VALUABLE VIEWING

Asperger's, Not What You Think It Is (7:48)

Posted October 29, 2019

Krister Palo is a 15-year-old student at the International School of the Hague who just happens to have Asperger's syndrome. In his talk, he shares misconceptions about people with Asperger's syndrome, and breaks down some of these popular stereotypes and assumptions.

The Brain Dictionary (3:19)

Posted November 14, 2017

Where exactly are the words in your head?  Scientists have created an interactive map showing which brain areas respond to hearing different words.  The map reveals how language is spread throughout the cortex and across both hemispheres, showing groups of words clustered together by meaning.  The beautiful interactive model allows us to explore the complex organization of the enormous dictionaries in our heads.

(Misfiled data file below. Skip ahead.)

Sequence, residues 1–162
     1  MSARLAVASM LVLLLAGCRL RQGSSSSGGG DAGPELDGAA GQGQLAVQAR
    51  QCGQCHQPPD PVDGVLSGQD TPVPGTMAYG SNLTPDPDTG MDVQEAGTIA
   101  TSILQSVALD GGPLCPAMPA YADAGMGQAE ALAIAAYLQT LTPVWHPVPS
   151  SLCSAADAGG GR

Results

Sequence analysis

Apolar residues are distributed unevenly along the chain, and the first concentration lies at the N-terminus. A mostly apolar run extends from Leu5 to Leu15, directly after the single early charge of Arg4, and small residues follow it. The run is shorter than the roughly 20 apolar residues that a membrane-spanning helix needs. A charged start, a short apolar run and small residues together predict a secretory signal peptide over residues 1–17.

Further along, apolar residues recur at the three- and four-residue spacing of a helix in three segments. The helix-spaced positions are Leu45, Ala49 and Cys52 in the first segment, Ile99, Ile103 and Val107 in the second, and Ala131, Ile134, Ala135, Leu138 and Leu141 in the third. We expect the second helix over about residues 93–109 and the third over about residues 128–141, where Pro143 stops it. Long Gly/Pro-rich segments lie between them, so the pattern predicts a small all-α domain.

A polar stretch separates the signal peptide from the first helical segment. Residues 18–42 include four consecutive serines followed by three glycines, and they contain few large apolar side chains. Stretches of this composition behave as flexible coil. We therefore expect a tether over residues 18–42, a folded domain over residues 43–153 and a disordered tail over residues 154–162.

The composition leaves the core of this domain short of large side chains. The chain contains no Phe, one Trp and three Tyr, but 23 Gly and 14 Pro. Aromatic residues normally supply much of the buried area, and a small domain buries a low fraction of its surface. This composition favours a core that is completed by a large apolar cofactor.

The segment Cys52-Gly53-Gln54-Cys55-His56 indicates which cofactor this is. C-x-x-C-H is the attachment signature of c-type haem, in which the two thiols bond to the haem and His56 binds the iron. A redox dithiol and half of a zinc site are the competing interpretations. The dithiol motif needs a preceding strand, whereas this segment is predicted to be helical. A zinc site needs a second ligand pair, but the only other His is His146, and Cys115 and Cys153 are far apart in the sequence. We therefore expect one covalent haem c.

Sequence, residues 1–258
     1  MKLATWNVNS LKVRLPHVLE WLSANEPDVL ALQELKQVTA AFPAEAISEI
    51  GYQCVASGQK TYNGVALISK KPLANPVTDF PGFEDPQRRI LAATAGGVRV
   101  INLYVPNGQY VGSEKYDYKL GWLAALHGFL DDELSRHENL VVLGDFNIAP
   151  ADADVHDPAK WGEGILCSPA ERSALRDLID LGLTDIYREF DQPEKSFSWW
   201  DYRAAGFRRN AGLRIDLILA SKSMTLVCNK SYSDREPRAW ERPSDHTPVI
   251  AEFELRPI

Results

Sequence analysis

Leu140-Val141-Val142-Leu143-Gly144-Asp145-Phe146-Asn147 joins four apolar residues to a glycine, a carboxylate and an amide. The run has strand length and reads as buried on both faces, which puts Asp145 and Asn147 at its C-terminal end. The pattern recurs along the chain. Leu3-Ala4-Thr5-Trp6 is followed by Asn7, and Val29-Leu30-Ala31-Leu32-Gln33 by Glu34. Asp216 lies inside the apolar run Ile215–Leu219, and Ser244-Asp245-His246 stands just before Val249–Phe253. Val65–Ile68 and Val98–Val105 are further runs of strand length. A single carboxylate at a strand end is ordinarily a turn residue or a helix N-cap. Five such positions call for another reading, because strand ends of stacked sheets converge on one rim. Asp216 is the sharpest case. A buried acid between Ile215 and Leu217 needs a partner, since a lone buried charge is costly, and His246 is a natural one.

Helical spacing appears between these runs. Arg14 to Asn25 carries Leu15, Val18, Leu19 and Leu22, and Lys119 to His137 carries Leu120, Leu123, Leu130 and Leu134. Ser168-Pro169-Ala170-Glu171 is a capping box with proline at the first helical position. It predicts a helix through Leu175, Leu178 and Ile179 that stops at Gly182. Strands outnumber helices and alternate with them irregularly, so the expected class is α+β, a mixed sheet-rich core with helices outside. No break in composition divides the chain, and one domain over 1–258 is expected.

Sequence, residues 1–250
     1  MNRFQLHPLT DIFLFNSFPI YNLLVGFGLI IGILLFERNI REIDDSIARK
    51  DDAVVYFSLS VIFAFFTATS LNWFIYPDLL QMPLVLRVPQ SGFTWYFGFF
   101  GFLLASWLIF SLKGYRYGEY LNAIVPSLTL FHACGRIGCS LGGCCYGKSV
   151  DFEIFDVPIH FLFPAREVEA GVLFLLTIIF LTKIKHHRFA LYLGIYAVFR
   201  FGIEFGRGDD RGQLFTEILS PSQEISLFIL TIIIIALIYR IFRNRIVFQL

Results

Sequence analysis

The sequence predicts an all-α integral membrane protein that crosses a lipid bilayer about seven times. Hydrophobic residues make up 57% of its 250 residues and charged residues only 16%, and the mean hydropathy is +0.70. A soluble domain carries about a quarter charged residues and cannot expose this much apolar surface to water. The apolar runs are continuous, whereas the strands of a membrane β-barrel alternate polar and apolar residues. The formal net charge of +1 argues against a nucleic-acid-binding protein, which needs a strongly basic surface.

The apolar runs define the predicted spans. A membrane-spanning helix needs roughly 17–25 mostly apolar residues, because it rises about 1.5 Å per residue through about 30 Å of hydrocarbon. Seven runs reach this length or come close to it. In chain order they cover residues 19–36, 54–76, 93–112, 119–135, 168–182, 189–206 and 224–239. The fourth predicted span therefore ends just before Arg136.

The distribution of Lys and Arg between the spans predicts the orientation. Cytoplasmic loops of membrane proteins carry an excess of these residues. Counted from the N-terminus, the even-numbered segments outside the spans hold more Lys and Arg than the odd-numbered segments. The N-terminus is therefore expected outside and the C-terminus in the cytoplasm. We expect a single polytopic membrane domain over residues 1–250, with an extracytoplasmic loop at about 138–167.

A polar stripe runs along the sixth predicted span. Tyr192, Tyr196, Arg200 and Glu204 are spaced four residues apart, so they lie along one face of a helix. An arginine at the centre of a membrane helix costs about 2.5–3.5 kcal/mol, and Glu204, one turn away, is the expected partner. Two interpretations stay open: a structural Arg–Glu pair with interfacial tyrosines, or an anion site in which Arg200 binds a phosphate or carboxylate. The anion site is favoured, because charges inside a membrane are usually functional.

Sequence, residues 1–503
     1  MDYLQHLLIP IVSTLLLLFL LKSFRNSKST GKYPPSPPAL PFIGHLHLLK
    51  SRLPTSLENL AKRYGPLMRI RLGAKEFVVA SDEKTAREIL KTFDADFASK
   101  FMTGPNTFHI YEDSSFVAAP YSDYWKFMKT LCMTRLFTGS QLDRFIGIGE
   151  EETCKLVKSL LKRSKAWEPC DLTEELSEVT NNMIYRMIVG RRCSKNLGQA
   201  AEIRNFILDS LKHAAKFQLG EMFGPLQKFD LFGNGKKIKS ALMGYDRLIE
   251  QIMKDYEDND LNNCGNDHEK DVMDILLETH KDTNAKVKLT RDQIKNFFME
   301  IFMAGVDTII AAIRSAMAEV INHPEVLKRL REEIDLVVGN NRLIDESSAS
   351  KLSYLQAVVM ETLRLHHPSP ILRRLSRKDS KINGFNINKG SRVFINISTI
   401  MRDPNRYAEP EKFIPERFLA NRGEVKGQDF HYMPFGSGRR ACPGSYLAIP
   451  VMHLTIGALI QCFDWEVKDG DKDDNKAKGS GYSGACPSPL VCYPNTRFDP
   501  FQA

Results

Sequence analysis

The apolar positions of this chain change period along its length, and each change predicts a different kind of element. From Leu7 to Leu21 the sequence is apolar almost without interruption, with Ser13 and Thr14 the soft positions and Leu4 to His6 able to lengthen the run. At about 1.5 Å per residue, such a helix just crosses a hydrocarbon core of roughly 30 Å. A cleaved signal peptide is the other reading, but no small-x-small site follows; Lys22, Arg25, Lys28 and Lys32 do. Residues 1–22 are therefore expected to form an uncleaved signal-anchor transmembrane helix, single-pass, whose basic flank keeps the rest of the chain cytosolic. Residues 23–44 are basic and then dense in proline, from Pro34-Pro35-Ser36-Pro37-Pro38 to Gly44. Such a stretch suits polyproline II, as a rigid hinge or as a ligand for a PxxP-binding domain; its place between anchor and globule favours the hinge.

Click here to explore the brain model for yourself.

 

Click here to read the paper.

 

Bring On the Learning Revolution (20:56)

Posted February 3, 2016

In this poignant, funny follow-up to his fabled 2006 talk, Sir Ken Robinson makes the case for a radical shift from standardized schools to personalized learning -- creating conditions where kids' natural talents can flourish.

Changing Education Paradigms (11:41)

Posted February 3, 2016

This RSA Animate was adapted from a talk given at the RSA by Sir Ken Robinson, world-renowned education and creativity expert, and recipient of the RSA's Benjamin Franklin award.

 

Also view more world-famous animations in the RSA Animate playlist.

Connected... But Alone? (19:40)

Posted April 30, 2018

As we expect more from technology, do we expect less from each other?  Sherry Turkle studies how our devices and online personas are redefining human connection and communication -- and asks us to think deeply about the new kinds of connection we want to have.

Do Schools Kill Creativity? (20:03)

Posted February 3, 2016

Sir Ken Robinson makes an entertaining and profoundly moving case for creating an education system that nurtures (rather than undermines) creativity.

Drive: The Surprising Truth About What Motivates Us (10:42)

Posted November 14, 2017